The American College of Surgeons (ACS) had another successful year in 2014, and the College leadership and staff are working to ensure that we make even greater strides in 2015.
The ACS Division of Advocacy and Health Policy got a boost in June 2014 when Frank Opelka, MD, FACS, and Patrick Bailey, MD, FACS, joined the Washington Office team as Medical Directors of Quality and Advocacy, respectively. These surgeons are playing a leading role in positioning the ACS as a leader in the health policy, legislative, and regulatory arenas.
To address surgeons’ ongoing concerns regarding Medicare physician payment, the ACS has worked closely with Congress to develop legislation that would repeal the sustainable growth rate (SGR) formula. More than 200 ACS members from 44 states participated in 229 meetings on Capitol Hill April 1, 2014, as part of Leadership & Advocacy Summit, and the SGR was a key topic of discussion. Unfortunately, passage of the SGR Repeal Act was derailed because of funding challenges, and another temporary patch, which expires April 1, 2015, was put in place. The ACS continues to urge Congress to pass the SGR Repeal Act in this legislative session.
Other issues on the ACS health policy agenda include averting a provision in the final rule on the Medicare physician fee schedule that would convert 10- and 90-day global codes to 0-day codes, medical liability reform, and graduate medical education.
We are looking forward to taking Operation Giving Back in a new direction under the leadership of Medical Director Girma Tefera, MD, FACS. Dr. Tefera will be responsible for coordinating the College’s response to disasters worldwide, developing programs and opportunities for surgeon volunteers, communicating the work of the OGB, and increasing the College’s recognition among other global organizations.
In addition, the ACS and the U.S. Military Health System have entered into a 3-year strategic partnership that will encourage collaboration with respect to training and education, research, quality improvement, and combat readiness and disaster preparedness. M. Margaret (Peggy) Knudson, MD, FACS, is the Medical Director of this initiative.
Enthusiasm for leadership training among young surgeons and chapter officers remains high, More than 425 of these individuals participated in the leadership portion of the 2014 Leadership & Advocacy Summit, which featured sessions on best practices for chapters, mentoring, and emotional intelligence The next Summit will take place April 18-21.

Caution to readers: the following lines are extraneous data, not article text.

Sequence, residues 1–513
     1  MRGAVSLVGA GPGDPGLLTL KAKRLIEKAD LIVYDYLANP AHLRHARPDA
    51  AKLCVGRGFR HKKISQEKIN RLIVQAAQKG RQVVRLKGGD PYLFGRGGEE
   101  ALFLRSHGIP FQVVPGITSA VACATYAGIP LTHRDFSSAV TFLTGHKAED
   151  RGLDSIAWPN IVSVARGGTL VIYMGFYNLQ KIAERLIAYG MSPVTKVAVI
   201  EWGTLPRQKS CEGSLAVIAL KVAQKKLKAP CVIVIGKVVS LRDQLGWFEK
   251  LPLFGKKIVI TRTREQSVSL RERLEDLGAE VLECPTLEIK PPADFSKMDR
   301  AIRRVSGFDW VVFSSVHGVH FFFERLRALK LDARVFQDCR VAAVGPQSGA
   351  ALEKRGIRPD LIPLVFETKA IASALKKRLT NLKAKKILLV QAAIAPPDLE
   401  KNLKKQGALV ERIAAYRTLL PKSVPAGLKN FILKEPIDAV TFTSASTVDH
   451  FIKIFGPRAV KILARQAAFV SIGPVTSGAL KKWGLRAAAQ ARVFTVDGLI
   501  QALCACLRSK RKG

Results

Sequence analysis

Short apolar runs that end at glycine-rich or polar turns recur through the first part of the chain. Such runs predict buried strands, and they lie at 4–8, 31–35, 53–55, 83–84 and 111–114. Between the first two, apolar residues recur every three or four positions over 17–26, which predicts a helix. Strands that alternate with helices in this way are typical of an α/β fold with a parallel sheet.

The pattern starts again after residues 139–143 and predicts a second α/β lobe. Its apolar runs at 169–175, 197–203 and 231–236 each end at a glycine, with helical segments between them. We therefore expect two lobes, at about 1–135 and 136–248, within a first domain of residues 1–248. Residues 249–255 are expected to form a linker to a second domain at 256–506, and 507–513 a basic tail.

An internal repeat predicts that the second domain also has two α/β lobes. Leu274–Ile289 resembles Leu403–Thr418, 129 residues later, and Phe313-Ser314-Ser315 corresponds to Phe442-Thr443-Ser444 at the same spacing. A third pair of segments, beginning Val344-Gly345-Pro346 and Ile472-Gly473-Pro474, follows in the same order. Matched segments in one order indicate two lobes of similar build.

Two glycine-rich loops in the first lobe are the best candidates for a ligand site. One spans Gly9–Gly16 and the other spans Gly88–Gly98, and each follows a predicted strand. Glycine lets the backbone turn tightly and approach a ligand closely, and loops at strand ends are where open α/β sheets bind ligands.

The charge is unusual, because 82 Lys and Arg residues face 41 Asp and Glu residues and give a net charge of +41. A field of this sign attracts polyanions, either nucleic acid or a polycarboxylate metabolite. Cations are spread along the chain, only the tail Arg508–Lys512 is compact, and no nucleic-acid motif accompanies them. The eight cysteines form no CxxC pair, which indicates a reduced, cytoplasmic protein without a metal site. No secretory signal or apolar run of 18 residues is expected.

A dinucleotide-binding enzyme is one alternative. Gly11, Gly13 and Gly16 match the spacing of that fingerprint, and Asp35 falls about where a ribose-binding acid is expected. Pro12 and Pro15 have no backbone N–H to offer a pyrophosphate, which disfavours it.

The 2014 Initiates class was one of the College’s largest, totaling 1,640. To further boost membership, we have launched a Young Surgeons Marketing Campaign – Realize the Potential of Your Profession – and a Show Your Pride campaign.
The College also has launched a nationwide ACS Education and Training Campaign to communicate that ACS Education and Training are the cornerstones of excellence, transform possibilities into realities, and instill the joy of lifelong learning.
Many of the College’s recent education efforts have centered on assisting surgeons – particularly young surgeons – in career transitions. To address ongoing concerns regarding surgical training, the ACS has appointed a Committee on Residency Training (“Fix the Five”).
To help young surgeons shift from residency to practice, the ACS has developed the Transition to Practice (TTP) Program, which provides individuals who have completed five years of general surgery training with the opportunity to serve as a junior partner in a surgical practice. Presently, the TTP Program is being pilot-tested at 10 sites. In addition, the ACS has partnered with the Association of Program Directors in Surgery and the Association for Surgical Education to create a Surgery Resident Prep Curriculum for medical students transitioning to residency.
The ACS National Surgical Quality Improvement Program (ACS NSQIP®) celebrated its 10th anniversary in July 2014 at its annual conference in New York. A record-breaking 1,200 representatives from nearly 600 hospitals attended. Furthermore, the Joint Commission and the National Quality Forum (NQF) will honor ACS NSQIP® with the 2014 John M. Eisenberg Patient Safety and Quality Award later this month. The Eisenberg Award recognizes the major achievements of individuals and organizations in advancing patient safety and quality of care.
Another quality improvement activity has now been completed after three years of work – the development of comprehensive guidelines that define the resources needed to perform safe, effective pediatric operations. These standards were published in the March 2014 issue of the Journal of the American College of Surgeons. The College also is developing a Quality Manual that will be useful in guiding chief surgical quality officers as they attempt to implement quality improvement and patient safety programs in their institutions. Additionally, the ACS Clinical Research Program (ACS CRP) has completed the manuscript for Operative Standards for Cancer Surgery.